Home > Ephemeris Program, GTAS Outreach Event > 07/13/2018 – Ephemeris – Sun ‘n Star Party set for tomorrow at the Sleeping Bear Dunes National Lakeshore

07/13/2018 – Ephemeris – Sun ‘n Star Party set for tomorrow at the Sleeping Bear Dunes National Lakeshore

July 13, 2018

Ephemeris for Friday, July 13th. Today the Sun will be up for 15 hours and 17 minutes, setting at 9:26, and it will rise tomorrow at 6:10. The Moon, 1 day past new, will set at 10:04 this evening.

Tomorrow afternoon and evening will be what we call a Sun & Star Party at the Sleeping Bear Dunes National Lakeshore Hosted by the Grand Traverse Astronomical Society and the rangers of the park. This event will be held at the Dune Climb. From 4 to 6 p.m., the Sun will be featured using two types of telescopes, one showing the Sun’s photosphere in what we call white light, looking for sunspots, and another showing the chromosphere above it in the light of hydrogen giving a completely different view.

Starting at 9 p.m. will be a star party, actually mostly a planet party, viewing the planets Venus, Jupiter and Saturn, plus near the end of the night, Mars. There will be other celestial wonders visible in the deepening twilight. If cloudy one or both events will be cancelled. The astronomers will be back Sunday night if that night is clear.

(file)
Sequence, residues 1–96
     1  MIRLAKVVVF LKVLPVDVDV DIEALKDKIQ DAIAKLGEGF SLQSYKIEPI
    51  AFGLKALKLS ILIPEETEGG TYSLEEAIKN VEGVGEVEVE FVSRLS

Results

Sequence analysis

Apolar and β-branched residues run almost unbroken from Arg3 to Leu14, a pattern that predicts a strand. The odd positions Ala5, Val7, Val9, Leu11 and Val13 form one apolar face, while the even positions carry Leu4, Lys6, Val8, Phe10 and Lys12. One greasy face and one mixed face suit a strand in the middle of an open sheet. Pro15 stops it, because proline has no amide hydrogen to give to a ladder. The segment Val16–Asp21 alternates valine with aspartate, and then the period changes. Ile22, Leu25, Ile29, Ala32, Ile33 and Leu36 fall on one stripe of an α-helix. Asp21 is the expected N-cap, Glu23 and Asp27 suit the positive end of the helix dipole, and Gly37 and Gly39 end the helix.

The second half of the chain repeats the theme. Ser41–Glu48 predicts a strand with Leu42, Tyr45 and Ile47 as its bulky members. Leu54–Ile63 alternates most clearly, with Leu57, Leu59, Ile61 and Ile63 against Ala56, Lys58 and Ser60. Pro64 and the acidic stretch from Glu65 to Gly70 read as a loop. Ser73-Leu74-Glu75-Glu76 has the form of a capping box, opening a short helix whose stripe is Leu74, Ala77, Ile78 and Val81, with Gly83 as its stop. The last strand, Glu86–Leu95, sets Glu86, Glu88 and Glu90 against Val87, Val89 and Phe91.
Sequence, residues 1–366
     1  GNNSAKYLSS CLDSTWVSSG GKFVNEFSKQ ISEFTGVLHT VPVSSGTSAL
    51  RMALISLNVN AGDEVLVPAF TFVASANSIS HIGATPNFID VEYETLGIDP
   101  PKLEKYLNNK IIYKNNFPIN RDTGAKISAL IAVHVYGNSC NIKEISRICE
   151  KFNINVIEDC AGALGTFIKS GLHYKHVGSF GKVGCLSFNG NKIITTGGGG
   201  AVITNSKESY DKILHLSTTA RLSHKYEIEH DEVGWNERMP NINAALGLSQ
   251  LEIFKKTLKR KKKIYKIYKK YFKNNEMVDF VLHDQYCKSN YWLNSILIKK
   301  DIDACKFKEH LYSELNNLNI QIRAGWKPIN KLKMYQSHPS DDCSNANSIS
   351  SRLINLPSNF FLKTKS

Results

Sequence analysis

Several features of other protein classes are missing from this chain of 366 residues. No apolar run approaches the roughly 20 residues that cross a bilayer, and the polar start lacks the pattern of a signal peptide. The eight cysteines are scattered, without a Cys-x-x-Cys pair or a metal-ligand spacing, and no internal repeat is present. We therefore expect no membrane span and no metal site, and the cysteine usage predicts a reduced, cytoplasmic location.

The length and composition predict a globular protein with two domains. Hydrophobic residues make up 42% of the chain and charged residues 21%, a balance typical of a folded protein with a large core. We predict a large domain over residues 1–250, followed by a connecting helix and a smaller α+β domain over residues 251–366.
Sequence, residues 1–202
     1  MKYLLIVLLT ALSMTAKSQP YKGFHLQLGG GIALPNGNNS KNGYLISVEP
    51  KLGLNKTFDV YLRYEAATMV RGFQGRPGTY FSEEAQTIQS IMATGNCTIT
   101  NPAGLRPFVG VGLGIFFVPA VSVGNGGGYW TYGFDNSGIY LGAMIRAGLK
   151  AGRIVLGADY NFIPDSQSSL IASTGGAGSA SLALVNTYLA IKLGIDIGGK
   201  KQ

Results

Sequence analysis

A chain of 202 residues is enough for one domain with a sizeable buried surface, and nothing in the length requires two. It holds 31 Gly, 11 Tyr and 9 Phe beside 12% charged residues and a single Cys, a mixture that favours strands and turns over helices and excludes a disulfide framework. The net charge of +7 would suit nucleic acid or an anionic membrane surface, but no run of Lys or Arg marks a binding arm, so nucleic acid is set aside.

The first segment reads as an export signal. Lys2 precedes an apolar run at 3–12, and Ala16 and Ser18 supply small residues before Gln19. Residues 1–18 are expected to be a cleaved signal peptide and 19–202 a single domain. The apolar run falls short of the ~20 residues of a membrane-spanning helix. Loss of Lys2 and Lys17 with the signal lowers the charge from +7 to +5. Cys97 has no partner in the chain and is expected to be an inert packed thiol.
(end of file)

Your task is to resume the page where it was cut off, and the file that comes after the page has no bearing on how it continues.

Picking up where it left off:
The times given are for the Traverse City/Interlochen area of Michigan. They may be different for your location.

Addendum

Dune Climb Setup

This in the beginning of setup for the October 21, 2917 star party at the dune climb. Taken early while there was enough light. The dune blocks up to 12 degrees from the southwest to northwest, but the rest of the horizon is quite low. Venus will be high enough to clear the dune for during the day and early evening.

Setting up my telescopes at the Dune Climb

My equipment at the Dune Climb on October 21, 2017. My 11″ Dobsonian is in the foreground. The tripod for my Celestron 8 is laying on the ground behind it yet to be set up.
I pointed the Dobsonian at a variety of deep sky objects, while the C8 was pointed to Saturn and tracking that night.

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